Ellen and Reid have met a few of my friends in person. So they know some of the ‘personalities’ I have to deal with. Those they don’t know, they hear about.
But it’s those sort of folks that make my life bearable – especially in the post-operative world. Thank God for their kindness (even if I have to endure the occasional zinger).
April 17, 2017
Ellen/Reid: Well, your old man is sitting around in loose, non-binding clothing this morning as this double hernia recovery begins in full. Knock-on-wood, but there have yet to be any setbacks and barring doing anything goofy or outright stupid, there won’t be. But already I’m going stir crazy. This sitting around stuff doesn’t do much for me. I’d better get used to it: there’s at least another 4 – 6 weeks (and maybe more depending on what the surgeon recommends) of nothingness ahead. I see him in about two weeks and hope to get more of a handle on when I can return to full activity. That’s in the context of getting in shape for Wyoming. I told Tom Bohr I’d be in ready and I damned well better be in relatively good condition.
The surgery in itself was remarkable. It was done robotically. The surgeon sits at a screen perhaps 10 feet away from the patient and manipulates two robotic arms as if he’s playing a high-stakes video game. Apparently, they bloat you with gas so the metal arms have room to roam unfettered around your innards. At least that’s what I think they do. He sews in a patch of plastic mesh that seals off the intestine from protruding any further. The upshot of the robotic surgery is, according to what I read, a faster recovery. We shall see. Before I went under I asked one of the nurses about the particulars of the robotic surgery and she said I didn’t want to know. So I looked at the video on YouTube and she was right. I didn’t want to know. There was strict hell to pay the first 24 hours in terms of sitting or rolling over in bed. I thought I’d torn the internal stitches at one point just trying to get out of bed. I’m moving much better now and am in no pain. If anything it’s mild discomfort. I put the 30 pill hydrocodone prescriptions through the shredder. No way would that stuff make it into the house, let alone my system.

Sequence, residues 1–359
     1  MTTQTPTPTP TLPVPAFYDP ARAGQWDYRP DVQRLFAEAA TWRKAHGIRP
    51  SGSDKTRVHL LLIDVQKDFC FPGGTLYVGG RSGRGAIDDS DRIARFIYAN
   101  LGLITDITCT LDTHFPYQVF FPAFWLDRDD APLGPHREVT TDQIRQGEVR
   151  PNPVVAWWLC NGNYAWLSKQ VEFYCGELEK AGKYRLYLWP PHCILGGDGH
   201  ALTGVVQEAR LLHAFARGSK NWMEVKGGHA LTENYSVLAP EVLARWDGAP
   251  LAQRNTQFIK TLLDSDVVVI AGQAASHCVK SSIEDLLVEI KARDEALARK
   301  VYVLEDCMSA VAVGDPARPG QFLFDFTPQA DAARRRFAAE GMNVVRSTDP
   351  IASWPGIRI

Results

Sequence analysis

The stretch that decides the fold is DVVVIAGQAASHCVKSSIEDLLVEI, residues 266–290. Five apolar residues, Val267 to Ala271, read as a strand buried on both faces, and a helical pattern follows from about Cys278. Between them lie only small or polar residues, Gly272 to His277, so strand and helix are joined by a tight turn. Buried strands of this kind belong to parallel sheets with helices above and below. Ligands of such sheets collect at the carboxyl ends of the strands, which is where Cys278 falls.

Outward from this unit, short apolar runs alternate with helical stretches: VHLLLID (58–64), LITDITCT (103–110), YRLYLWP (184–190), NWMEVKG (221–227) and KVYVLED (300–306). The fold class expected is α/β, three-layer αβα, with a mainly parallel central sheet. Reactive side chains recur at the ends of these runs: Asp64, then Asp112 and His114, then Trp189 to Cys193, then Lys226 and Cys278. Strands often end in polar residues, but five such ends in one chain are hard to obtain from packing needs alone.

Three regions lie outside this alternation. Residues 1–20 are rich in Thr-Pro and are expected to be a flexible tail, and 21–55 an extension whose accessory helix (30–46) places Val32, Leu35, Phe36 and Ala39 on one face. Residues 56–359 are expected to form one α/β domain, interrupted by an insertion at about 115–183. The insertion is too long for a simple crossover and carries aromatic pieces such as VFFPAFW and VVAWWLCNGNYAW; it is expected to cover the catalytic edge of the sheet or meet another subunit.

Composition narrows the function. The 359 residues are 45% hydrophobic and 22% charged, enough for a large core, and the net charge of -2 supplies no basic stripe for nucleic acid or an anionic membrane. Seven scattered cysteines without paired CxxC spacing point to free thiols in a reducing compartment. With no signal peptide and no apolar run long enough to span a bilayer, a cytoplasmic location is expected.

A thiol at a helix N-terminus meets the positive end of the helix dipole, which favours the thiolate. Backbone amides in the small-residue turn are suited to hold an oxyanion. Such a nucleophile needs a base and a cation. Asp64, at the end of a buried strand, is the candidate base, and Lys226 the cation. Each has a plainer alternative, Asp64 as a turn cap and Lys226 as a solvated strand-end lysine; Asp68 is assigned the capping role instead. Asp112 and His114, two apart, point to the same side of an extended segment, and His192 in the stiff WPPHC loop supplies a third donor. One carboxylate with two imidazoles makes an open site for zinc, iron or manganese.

This is when you know how your good friends step up. Sondra and Jody brought over a full Easter dinner yesterday. My mistake was thinking they’d stop at the grocery store for a roasted chicken and some deli food, but no, she would hear none of that. She told me to sit down, stand down and pipe down. There’s was no fighting that sort of directive. She commandeered the kitchen and had everything pre-cooked or she cooked it here.
So much for the high-fiber diet that was supposed to be the norm for the first week or 10 days. We ate, and (d)rank wine, like there was no tomorrow. Our buddy Luke came over, too, and it was just a lot of fun. We decided what was said here table around the dining room table would stay here. The headache I awoke to this morning took my mind off the other sort of medicinal-related discomfort.
Reid, I finally made a reconnection with my mentor, Don. You two were babies when you met him, but he was a guiding light for me early on. I wish I’d of stayed in touch with Ferg through the years but I completely dropped the ball on that. Make sure you touch base with Tom and Gene. Those guys are ready and will to help. Both have business smarts and Gene has connections as you know full well.
Ellen, Easter must’ve been a blast at your new place. Georgia coming off her birthday, and Emma in high gear just because she’s Emma. If the physician gives me a green light to travel, I hope to snag a late, cheap fare to make it in time for your graduation and Emma’s fifth b-day. She’s five already? That doesn’t seem possible. It really doesn’t.
The post-op literature advises patients to get off their duffs and walk as much as possible. In that vein I’ll grab my coffee in my Emma-Georgia mug and mosey – slowly – toward the mailbox to see if there’s any mail of non-junk interest. Don’t be strangers.